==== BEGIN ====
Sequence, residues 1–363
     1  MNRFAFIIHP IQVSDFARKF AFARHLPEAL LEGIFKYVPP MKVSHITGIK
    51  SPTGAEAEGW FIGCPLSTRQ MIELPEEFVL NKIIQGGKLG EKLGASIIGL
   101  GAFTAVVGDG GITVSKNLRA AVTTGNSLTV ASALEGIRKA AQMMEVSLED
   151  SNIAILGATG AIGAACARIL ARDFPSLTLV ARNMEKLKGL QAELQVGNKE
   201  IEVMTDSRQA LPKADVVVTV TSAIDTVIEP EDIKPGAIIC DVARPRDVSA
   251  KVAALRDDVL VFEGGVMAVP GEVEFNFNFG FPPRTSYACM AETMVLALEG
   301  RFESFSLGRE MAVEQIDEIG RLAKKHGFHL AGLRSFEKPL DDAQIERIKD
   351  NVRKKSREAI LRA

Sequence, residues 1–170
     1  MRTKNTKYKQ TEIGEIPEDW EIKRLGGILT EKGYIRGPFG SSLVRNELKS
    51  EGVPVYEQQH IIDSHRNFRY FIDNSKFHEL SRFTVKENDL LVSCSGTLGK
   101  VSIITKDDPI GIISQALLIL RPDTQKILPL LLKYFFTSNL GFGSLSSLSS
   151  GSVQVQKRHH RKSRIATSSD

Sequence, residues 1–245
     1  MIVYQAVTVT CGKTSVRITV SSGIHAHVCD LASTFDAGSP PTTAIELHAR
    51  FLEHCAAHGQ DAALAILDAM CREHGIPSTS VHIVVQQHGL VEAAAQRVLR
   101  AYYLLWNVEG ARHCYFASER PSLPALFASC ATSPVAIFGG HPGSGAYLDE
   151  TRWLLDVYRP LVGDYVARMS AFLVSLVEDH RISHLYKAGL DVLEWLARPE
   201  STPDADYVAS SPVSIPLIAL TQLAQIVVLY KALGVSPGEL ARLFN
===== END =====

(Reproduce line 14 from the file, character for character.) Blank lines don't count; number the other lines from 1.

   151  GSVQVQKRHH RKSRIATSSD